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Table 29. Time-Base Control Register (TBCTL) Field Descriptions (continued)


Bit
2

1:0

Field

Value

PHSEN

Description
Counter Register Load From Phase Register Enable

Do not load the time-base counter (TBCTR) from the time-base phase register (TBPHS)

Load the time-base counter with the phase register when an EPWMxSYNCI input signal occurs or
when a software synchronization is forced by the SWFSYNC bit, or when a digital compare sync
event occurs.

CTRMODE

Counter Mode
The time-base counter mode is normally configured once and not changed during normal operation.
If you change the mode of the counter, the change will take effect at the next TBCLK edge and the
current counter value shall increment or decrement from the value before the mode change.
These bits set the time-base counter mode of operation as follows:

108

00

Up-count mode

01

Down-count mode

10

Up-down-count mode

11

Stop-freeze counter operation (default on reset)

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Figure 82. Time-Base Status Register (TBSTS)


15

8
Reserved
R-0

Reserved

CTRMAX

SYNCI

CTRDIR

R-0

R/W1C-0

R/W1C-0

R-1

LEGEND: R/W = Read/Write; R = Read only; R/W1C = Read/Write 1 to clear; -n = value after reset

Table 30. Time-Base Status Register (TBSTS) Field Descriptions


Bit

Field

Value

Description

15:3

Reserved

Reserved

CTRMAX

Time-Base Counter Max Latched Status Bit

Reading a 0 indicates the time-base counter never reached its maximum value. Writing a 0 will
have no effect.

Reading a 1 on this bit indicates that the time-base counter reached the max value 0xFFFF. Writing
a 1 to this bit will clear the latched event.

SYNCI

Input Synchronization Latched Status Bit


0

Writing a 0 will have no effect. Reading a 0 indicates no external synchronization event has
occurred.

Reading a 1 on this bit indicates that an external synchronization event has occurred
(EPWMxSYNCI). Writing a 1 to this bit will clear the latched event.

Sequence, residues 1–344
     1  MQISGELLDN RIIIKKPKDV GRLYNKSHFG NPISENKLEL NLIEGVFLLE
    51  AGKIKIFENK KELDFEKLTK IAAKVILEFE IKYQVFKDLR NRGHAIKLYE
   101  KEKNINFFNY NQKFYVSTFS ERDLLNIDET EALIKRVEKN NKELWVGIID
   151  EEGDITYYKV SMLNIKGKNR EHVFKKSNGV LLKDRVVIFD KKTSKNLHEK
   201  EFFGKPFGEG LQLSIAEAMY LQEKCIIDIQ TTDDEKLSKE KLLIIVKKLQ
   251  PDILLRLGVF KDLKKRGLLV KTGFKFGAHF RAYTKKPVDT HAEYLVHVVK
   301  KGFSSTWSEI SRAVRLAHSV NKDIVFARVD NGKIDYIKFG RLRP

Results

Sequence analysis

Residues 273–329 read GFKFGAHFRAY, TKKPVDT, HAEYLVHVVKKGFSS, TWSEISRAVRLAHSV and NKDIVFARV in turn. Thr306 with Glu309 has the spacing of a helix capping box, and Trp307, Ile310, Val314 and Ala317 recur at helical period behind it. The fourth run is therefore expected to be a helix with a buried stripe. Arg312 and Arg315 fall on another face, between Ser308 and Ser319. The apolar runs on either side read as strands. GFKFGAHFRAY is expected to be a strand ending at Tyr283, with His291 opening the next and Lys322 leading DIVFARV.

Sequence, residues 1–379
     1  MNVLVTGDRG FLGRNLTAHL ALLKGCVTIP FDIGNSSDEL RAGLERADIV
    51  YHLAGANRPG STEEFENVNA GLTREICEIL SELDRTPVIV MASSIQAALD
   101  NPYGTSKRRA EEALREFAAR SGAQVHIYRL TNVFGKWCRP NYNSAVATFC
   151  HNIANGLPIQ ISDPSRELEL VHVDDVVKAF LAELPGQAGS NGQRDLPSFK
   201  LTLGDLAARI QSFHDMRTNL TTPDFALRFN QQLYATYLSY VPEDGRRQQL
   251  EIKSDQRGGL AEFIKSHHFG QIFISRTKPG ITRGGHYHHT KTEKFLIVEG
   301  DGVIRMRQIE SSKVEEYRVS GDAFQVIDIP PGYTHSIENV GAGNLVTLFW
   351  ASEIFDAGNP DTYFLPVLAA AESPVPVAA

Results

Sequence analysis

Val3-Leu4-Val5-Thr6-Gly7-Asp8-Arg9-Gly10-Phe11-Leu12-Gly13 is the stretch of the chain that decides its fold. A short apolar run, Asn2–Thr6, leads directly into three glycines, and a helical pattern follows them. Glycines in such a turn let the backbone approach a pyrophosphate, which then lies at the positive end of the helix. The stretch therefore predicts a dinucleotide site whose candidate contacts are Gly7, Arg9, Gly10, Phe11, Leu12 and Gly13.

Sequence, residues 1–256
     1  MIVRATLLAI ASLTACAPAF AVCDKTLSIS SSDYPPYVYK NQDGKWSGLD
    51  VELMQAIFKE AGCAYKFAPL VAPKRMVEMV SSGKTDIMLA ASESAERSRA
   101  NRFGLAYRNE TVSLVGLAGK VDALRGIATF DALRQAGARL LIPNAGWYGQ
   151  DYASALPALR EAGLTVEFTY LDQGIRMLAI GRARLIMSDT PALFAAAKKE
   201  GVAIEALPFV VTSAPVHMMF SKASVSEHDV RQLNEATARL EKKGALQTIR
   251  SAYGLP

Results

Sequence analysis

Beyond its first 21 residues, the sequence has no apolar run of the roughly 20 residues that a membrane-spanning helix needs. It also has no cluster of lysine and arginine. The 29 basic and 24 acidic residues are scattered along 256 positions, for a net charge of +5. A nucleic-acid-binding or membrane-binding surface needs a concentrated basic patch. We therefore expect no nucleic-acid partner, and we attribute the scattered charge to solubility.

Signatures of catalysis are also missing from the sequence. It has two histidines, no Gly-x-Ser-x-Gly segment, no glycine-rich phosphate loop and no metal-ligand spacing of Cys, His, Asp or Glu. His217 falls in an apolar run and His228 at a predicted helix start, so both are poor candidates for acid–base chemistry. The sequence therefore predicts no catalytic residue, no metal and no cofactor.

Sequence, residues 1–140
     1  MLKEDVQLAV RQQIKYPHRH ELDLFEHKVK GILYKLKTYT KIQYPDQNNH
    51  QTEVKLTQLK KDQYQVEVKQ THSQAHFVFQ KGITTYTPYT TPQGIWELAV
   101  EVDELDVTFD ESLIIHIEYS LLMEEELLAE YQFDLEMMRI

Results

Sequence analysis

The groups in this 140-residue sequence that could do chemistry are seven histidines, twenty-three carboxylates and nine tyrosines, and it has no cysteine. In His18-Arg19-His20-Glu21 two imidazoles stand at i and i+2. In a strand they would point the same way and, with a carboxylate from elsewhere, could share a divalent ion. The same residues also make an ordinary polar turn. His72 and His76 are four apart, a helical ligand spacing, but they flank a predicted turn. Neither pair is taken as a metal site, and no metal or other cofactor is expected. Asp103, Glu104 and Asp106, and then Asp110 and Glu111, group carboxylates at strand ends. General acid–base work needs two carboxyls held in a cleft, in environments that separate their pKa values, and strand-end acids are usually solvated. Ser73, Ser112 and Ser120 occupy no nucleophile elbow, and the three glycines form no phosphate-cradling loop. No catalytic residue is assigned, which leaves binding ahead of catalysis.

CTRDIR

Time-Base Counter Direction Status Bit. At reset, the counter is frozen; therefore, this bit has no
meaning. To make this bit meaningful, you must first set the appropriate mode via
TBCTL[CTRMODE].
0

Time-Base Counter is currently counting down.

Time-Base Counter is currently counting up.

Figure 83. High Resolution Period Control Register (HRPCTL)


15

8
Reserved
R-0

Reserved

TBPHSHR
LOADE

Reserved

HRPE

R-0

R/W-0

R-0

R/W-0

LEGEND: R/W = Read/Write; R = Read only; -n = value after reset

Table 31. High Resolution Period Control Register (HRPCTL) Field Descriptions
Bit
15-3

(1)
(2)

Field
Reserved

Value Description

(1) (2)

Reserved

This register is EALLOW protected.


This register is used with Type 1 ePWM modules (support high-resolution period) only.

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Table 31. High Resolution Period Control Register (HRPCTL) Field Descriptions (continued)
Bit
2

Field

Value Description

TBPHSHRLOADE

(1) (2)

TBPHSHR Load Enable


This bit allows you to synchronize ePWM modules with a high-resolution phase on a SYNCIN,
TBCTL[SWFSYNC], or digital compare event. This allows for multiple ePWM modules operating
at the same frequency to be phase aligned with high-resolution.
0

Disables synchronization of high-resolution phase on a SYNCIN, TBCTL[SWFSYNC] or digital


compare event.

Synchronize the high-resolution phase on a SYNCIN, TBCTL[SWFSYNC] or digital comparator


synchronization event. The phase is synchronized using the contents of the high-resolution phase
TBPHSHR register.
The TBCTL[PHSEN] bit which enables the loading of the TBCTR register with TBPHS register